{'Name': 'biYPelsPerMeter' , 'Type': 'B', 'Default': '\x13\x0B\x00\x00', 'Size': 4},
{'Name': 'biClrUsed' , 'Type': 'B', 'Default': '\x00\x00\x00\x00', 'Size': 4},
{'Name': 'biClrImportant' , 'Type': 'B', 'Default': '\x00\x00\x00\x00', 'Size': 4},
 
{'Name': 'aColors', 'Type': 'B', 'Default': '\xFF\x20', 'Size': 64},
 
{'Name': 'aBitmapBits', 'Type': 'B', 'Size': 64,
'Default': '\x00\x00\xFF\xFF\xFF\xFF\x00\x00\xFF\x00\x00\x00\xFF\x00\x00\x00'}]
 
def __init__(self):
print 'Structure Instance Created'
def returnStructure(self):
return self.BMPStructure


On this structure, we are going to be interested fuzzing only Type B (B is for Buffer, C is for Constant, and L is for Length). The generator class will provide us the input for fuzzing:



class Generator:
'Generator for Malformed Data'
 
MalformedValues = [
('RepeatedAx1','A'), ('RepeatedNULLx1','\x00'),
('Numeric -1','-1'), ('Numeric -2','-2'), ('Numeric 0','0'),
('Binary -1 (BYTE)','\xFF'), ('Binary -2 (BYTE)','\xFE'),
('Binary -2 (2 BYTES)','\xFF\xFE'), ('Binary -2 (2 BYTES Reverse)','\xFE\xFF'),
('Format String %sx1','%s'), ('Format String %xx1','%x')]
 
def __init__(self):
print 'Generator Created'
def returnCount(self):
return len(self.MalformedValues)
 
def returnValueAt(self, value):
return self.MalformedValues[value][1]
 
def returnNameAt(self, value):
return self.MalformedValues[value][0]


We can easily extend our list for fuzz input. Now finally we can construct our fuzzer class:



#!C:\Python27\python.exe
 
import string
 
from protocol import Protocol
from structure import Structure
from generator import Generator
 
##***************************************************************************
## This function iterates over the protocol structure and
## fuzzies input from generator data structure into available buffer
##***************************************************************************
def iteratefuzz(structure, fuzz):
  for insertpoint in range(0, len(structure)):
    fileinput = ''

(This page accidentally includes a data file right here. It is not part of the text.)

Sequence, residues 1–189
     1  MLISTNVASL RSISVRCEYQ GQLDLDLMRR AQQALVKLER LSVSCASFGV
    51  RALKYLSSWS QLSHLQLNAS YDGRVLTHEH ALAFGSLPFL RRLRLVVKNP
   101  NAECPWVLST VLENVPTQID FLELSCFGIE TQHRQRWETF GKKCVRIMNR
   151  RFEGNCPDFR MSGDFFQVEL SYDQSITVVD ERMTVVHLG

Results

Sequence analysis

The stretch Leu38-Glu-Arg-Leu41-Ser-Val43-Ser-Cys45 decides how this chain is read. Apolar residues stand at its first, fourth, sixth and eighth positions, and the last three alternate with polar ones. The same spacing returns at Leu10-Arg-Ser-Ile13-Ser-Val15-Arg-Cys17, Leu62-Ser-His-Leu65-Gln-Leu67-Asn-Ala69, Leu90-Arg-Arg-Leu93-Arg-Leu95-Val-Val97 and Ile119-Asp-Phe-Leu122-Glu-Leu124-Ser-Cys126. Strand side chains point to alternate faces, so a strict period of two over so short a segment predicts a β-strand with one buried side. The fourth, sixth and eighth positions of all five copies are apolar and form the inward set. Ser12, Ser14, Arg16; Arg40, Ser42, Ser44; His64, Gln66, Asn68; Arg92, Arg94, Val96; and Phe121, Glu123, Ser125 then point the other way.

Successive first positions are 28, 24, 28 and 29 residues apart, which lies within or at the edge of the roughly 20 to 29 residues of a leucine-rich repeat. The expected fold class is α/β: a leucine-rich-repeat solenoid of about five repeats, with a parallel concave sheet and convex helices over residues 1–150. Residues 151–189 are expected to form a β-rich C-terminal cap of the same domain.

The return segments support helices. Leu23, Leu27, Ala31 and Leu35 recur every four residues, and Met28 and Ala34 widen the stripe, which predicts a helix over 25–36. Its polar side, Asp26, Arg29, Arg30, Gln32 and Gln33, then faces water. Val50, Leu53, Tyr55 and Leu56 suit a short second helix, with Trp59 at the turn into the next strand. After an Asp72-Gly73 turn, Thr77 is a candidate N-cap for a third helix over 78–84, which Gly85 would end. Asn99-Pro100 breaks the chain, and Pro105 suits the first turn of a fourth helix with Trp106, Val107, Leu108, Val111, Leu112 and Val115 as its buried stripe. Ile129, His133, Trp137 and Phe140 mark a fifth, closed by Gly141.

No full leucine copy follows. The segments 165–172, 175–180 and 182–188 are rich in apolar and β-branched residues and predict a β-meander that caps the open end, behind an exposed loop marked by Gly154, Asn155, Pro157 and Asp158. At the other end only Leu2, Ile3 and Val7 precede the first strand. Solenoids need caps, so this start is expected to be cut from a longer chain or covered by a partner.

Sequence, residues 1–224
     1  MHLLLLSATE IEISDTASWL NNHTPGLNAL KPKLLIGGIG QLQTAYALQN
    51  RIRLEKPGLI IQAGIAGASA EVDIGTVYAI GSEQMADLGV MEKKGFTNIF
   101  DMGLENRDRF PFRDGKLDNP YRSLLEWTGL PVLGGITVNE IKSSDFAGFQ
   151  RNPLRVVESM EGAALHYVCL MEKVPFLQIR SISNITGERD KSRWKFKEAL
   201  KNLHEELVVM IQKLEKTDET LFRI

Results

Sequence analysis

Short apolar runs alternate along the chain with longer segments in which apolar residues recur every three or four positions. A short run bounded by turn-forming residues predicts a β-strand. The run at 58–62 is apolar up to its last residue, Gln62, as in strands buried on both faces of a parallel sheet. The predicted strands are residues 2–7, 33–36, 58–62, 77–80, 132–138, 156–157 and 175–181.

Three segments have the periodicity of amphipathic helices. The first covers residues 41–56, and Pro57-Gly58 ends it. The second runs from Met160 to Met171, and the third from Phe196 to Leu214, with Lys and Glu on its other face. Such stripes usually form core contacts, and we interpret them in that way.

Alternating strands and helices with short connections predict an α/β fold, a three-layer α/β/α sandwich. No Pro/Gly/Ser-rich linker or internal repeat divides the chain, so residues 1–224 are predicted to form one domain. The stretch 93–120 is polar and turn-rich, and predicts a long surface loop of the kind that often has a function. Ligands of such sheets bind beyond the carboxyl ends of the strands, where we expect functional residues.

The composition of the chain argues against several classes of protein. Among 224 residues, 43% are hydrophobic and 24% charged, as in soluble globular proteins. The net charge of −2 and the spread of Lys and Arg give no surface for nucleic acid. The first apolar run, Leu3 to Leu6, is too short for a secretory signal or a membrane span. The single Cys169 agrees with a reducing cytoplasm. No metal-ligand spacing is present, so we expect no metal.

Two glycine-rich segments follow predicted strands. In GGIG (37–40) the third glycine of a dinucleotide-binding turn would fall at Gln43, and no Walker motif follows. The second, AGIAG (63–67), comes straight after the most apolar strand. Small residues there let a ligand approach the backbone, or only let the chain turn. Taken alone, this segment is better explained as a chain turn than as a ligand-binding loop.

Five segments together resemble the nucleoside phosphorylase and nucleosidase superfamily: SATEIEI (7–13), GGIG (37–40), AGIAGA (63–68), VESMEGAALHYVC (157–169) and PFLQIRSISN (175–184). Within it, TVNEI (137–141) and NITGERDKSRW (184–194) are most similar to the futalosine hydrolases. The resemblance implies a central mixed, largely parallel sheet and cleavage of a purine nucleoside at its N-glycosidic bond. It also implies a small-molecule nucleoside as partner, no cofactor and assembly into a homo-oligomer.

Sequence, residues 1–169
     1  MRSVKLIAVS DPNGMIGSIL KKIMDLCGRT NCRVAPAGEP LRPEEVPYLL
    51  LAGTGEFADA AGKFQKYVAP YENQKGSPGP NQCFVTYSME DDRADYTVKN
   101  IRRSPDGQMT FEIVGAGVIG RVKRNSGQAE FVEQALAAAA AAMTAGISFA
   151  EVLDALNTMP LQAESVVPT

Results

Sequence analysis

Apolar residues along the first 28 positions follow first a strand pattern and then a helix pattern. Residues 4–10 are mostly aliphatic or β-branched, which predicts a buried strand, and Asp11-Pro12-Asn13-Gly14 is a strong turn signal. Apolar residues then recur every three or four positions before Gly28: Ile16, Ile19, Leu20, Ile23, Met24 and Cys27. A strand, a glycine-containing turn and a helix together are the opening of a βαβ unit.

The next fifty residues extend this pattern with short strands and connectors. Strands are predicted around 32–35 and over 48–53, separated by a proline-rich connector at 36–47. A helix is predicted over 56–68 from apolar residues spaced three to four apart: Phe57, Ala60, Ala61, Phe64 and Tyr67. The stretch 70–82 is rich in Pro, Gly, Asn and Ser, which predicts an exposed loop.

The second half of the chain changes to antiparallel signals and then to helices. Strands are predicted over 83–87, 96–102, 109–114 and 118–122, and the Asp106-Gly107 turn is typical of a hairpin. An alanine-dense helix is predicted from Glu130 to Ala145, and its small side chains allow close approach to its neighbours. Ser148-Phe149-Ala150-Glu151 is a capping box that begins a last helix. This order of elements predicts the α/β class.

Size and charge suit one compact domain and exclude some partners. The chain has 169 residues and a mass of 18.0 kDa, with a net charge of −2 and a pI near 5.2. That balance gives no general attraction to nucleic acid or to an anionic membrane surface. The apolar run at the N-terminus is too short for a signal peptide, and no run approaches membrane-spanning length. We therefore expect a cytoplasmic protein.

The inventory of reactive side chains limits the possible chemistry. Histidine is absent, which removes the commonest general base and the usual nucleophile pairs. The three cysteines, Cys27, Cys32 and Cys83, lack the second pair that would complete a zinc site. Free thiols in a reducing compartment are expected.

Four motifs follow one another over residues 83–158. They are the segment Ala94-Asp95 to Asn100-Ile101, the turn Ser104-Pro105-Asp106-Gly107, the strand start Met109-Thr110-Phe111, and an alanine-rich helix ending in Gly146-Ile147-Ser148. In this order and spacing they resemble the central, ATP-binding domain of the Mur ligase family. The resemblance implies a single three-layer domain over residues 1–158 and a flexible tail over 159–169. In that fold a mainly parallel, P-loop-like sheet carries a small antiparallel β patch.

fuzzed = 'false'
    print 'FUZZING FOR VALUE: ', fuzzvalue
    for row in range(0, len(structure)):
      print structure[row]['Name']
      if row == insertpoint and structure[row]['Type'] == 'B':
            fuzzed = 'true'
            size = structure[row]['Size']
            fuzzer = fuzz
            while (len(fuzzer) < size):
              fuzzer = fuzzer + fuzz
            fileinput = fileinput + fuzzer
      else:
        fileinput = fileinput + structure[row]['Default']
 
    print fileinput.encode('hex')
 
    if fuzz == '\x00':
      fuzz = 'null'
 
    if fuzzed == 'true':
      # Open a file
      fo = open("images/test" + fuzz + str(insertpoint) + ".bmp", "wb")
      fo.write(fileinput);
 
      # Close opend file
      fo.close()
 
 
 
  
##****************************************************************************  
  
##refProtocol = Protocol()
##GlobalProtocol = refProtocol.returnStructure()
 
refStructure = Structure()
GlobalStructure = refStructure.returnStructure()
refGenerator = Generator()
CombinationCount = refGenerator.returnCount()
 
 
print 'Test cases:', CombinationCount , '\n'
 
iterate(GlobalStructure)
 
for x in range(0, CombinationCount):
  print refGenerator.returnNameAt(x)
  fuzzvalue = refGenerator.returnValueAt(x)
  iteratefuzz(GlobalStructure, fuzzvalue)


Before running fuzzer, create a folder with the name “images” and then run the fuzzer.py. Now, you should be able to see 122 sample images created based on our input.

Fuzzer Running